The last sentence was added in 1963. By its terms, it appears broadly to exclude all agreements relating to hiring or compensation, including [52 Cal. App. 3d 404] those made after the fiduciary relationship is established. Prior law had created an exception only where there was no pre-existing fiduciary relationship. Thus, in Setzer v. Robinson (1962) 57 Cal. 2d 213, 216 [18 Cal. Rptr. 524, 368 P.2d 124], the Supreme Court said: "The presumption of 'insufficient consideration' and 'undue influence' created by Civil Code section 2235, is not applicable to a contract by which the relation of attorney and client is originally created and the attorney's compensation is fixed. 'The confidential relation does not exist until such contract is made and in agreeing upon its terms the parties deal at arm's length.' (Cooley v. Miller & Lux, 156 Cal. 510, 524 [105 P. 981]; see also Cooley v. Miller & Lux, 168 Cal. 120, 131 [142 P. 83]; Youngblood v. Higgins, 146 Cal. App. 2d 350, 352 [303 P.2d 637]; 5 Am.Jur., Attorneys at Law, § 189, p. 375.) ... No attorney could safely or reasonably negotiate any fee agreement with a prospective client without some preliminary investigation of the facts of the case and a disclosure to the prospective client of the legal steps which in his judgment must be taken. If by the very fact of such investigation and disclosure the relationship of attorney and client would thereby be created, the attorney would be placed in the impossible position of becoming the prospective client's attorney while he was attempting to reach an agreement with him as to whether he should become his attorney or not."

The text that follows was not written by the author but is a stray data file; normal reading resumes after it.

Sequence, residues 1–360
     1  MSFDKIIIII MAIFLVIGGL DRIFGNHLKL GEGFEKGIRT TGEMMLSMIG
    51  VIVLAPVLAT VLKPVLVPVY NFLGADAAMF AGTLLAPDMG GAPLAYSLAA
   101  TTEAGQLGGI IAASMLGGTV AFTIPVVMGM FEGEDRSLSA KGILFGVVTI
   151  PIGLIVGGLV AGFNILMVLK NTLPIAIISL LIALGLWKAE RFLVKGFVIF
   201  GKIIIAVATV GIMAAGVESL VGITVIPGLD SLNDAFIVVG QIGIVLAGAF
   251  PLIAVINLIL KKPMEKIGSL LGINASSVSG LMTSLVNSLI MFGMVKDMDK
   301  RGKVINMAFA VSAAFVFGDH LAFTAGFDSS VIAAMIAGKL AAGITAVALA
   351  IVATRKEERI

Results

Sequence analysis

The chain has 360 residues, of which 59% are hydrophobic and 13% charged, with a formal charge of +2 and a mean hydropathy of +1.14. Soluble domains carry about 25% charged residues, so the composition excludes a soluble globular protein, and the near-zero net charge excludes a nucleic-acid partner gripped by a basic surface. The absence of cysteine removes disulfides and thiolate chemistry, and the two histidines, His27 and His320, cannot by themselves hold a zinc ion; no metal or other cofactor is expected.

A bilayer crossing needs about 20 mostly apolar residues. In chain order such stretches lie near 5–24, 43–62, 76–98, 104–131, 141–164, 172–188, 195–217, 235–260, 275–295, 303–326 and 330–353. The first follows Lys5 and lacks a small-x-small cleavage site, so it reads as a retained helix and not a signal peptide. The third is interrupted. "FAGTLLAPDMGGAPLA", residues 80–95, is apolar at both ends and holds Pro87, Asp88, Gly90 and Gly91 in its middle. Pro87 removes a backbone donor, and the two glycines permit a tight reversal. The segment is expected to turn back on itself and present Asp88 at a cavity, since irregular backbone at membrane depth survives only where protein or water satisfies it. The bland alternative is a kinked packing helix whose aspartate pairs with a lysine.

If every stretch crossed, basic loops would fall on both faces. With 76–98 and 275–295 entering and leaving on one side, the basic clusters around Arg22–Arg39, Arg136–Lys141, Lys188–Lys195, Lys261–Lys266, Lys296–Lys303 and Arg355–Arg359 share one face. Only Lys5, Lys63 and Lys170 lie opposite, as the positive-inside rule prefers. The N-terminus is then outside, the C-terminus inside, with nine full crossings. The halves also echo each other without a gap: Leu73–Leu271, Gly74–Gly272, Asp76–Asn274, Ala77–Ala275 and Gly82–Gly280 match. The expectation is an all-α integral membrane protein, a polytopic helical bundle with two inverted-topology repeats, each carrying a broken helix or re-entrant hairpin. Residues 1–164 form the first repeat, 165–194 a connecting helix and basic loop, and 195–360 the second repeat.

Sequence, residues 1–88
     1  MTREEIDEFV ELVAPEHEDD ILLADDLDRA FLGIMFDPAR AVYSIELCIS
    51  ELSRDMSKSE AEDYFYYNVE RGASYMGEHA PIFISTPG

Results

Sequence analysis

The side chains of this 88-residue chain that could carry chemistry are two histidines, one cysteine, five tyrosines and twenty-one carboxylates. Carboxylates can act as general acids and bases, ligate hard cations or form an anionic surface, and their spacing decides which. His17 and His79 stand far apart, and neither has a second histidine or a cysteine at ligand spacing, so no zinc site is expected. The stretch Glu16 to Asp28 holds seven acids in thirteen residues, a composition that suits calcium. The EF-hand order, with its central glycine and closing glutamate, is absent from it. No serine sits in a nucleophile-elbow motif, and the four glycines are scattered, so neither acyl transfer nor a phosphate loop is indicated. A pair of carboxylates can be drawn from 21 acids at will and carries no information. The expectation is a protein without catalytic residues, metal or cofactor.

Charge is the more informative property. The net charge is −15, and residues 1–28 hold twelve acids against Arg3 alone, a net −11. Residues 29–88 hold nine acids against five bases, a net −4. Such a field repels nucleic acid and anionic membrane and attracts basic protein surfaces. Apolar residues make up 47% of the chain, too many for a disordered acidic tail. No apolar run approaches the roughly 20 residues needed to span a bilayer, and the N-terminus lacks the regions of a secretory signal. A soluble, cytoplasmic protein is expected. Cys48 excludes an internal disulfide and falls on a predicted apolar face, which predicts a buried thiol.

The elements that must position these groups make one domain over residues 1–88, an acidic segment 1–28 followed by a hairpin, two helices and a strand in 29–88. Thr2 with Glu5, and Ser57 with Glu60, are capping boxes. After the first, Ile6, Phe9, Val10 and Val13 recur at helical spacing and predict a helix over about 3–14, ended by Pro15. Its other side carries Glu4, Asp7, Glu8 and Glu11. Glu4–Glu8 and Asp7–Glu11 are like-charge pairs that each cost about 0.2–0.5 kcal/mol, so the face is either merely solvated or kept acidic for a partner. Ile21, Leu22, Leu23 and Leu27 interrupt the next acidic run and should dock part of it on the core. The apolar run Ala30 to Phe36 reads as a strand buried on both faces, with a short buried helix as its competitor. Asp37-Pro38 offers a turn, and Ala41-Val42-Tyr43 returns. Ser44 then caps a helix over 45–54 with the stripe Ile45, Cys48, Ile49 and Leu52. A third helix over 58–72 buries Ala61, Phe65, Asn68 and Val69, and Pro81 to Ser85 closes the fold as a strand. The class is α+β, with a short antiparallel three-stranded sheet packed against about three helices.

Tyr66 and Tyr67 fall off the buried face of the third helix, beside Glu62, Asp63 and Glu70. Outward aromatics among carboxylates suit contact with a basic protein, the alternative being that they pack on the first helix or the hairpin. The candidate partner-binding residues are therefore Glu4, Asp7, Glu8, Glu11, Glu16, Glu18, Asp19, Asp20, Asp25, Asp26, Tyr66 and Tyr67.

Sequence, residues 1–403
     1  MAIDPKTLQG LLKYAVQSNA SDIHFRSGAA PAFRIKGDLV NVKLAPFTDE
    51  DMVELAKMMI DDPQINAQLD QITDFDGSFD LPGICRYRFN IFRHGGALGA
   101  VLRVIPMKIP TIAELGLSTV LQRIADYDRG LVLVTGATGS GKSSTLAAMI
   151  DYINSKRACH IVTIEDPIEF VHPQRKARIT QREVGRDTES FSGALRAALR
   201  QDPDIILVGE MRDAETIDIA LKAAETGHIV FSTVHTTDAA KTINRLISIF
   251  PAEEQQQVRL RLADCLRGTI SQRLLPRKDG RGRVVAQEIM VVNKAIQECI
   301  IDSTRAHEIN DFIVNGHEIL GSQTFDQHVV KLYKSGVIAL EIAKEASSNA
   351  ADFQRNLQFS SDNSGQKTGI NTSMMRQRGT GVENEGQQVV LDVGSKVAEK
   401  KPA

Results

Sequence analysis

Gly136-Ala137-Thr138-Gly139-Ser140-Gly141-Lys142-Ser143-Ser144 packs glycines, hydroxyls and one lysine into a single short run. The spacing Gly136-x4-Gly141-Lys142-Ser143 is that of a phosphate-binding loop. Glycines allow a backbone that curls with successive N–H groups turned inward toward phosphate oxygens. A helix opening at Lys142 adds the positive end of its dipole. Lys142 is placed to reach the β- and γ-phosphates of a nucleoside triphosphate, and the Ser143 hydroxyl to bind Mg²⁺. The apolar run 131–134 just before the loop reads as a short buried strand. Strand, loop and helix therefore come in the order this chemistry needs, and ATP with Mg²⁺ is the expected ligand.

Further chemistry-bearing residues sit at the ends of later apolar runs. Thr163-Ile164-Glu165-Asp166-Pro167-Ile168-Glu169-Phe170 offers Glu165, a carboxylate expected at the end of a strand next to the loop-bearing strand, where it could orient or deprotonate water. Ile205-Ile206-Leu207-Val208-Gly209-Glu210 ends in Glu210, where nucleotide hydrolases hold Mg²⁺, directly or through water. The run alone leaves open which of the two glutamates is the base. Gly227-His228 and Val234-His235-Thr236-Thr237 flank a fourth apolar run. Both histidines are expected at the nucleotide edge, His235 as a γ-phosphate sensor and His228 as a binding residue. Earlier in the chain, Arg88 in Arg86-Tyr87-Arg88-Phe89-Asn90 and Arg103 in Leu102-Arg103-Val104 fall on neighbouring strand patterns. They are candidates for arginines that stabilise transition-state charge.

None of the cases since the 1963 amendment have directly construed it. Three cases, Gold v. Greenwald (1966) 247 Cal. App. 2d 296 [55 Cal. Rptr. 660]; Carlson, Collins, Gordon & Bold v. Banducci (1967) 257 Cal. App. 2d 212 [64 Cal. Rptr. 915]; and Trafton v. Youngblood (1968) 69 Cal. 2d 17 [69 Cal. Rptr. 568, 442 P.2d 648], dealt with events that occurred before the amendment became effective and thus did not discuss it. The fourth, Baron v. Sarlot (1975) 47 Cal. App. 3d 304 [120 Cal. Rptr. 675] (decided after the briefs were filed in the present case), found the amendment was not "significant" on the particular facts alleged. We hold that the amendment, properly construed, prevents the application of the presumption to any agreement relating to fees, even where there is a pre-existing attorney-client relationship. The trial court erred in not trying the issues in the case without the application of such a presumption.

The judgment is reversed.

Friedman, Acting P. J., and Evans, J., concurred.

FN 1. Although a judge's opinion may not be used to contradict the findings or judgment, it is properly used to discover the grounds for a decision, where such grounds are not otherwise stated. (See 6 Witkin, Cal. Procedure (2d ed. 1971) Appeal, § 231, p. 4221.)